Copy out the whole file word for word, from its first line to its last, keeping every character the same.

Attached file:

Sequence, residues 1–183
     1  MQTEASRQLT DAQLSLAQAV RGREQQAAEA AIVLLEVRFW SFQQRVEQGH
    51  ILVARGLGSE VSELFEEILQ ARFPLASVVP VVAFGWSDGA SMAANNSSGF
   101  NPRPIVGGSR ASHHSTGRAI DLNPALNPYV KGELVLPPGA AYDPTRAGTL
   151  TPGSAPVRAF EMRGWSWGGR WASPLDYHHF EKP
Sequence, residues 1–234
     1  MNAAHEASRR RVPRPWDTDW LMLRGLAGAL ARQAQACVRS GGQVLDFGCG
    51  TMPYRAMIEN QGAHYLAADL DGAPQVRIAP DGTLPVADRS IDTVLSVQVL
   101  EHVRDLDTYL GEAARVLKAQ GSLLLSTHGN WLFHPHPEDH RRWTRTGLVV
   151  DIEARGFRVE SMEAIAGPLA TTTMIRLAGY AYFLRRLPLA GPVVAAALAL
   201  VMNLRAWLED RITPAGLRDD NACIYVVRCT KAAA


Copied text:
Sequence, residues 1–183
     1  MQTEASRQLT DAQLSLAQAV RGREQQAAEA AIVLLEVRFW SFQQRVEQGH
    51  ILVARGLGSE VSELFEEILQ ARFPLASVVP VVAFGWSDGA SMAANNSSGF
   101  NPRPIVGGSR ASHHSTGRAI DLNPALNPYV KGELVLPPGA AYDPTRAGTL
   151  TPGSAPVRAF EMRGWSWGGR WASPLDYHHF EKP
Sequence, residues 1–234
     1  MNAAHEASRR RVPRPWDTDW LMLRGLAGAL ARQAQACVRS GGQVLDFGCG
    51  TMPYRAMIEN QGAHYLAADL DGAPQVRIAP DGTLPVADRS IDTVLSVQVL
   101  EHVRDLDTYL GEAARVLKAQ GSLLLSTHGN WLFHPHPEDH RRWTRTGLVV
   151  DIEARGFRVE SMEAIAGPLA TTTMIRLAGY AYFLRRLPLA GPVVAAALAL
   201  VMNLRAWLED RITPAGLRDD NACIYVVRCT KAAA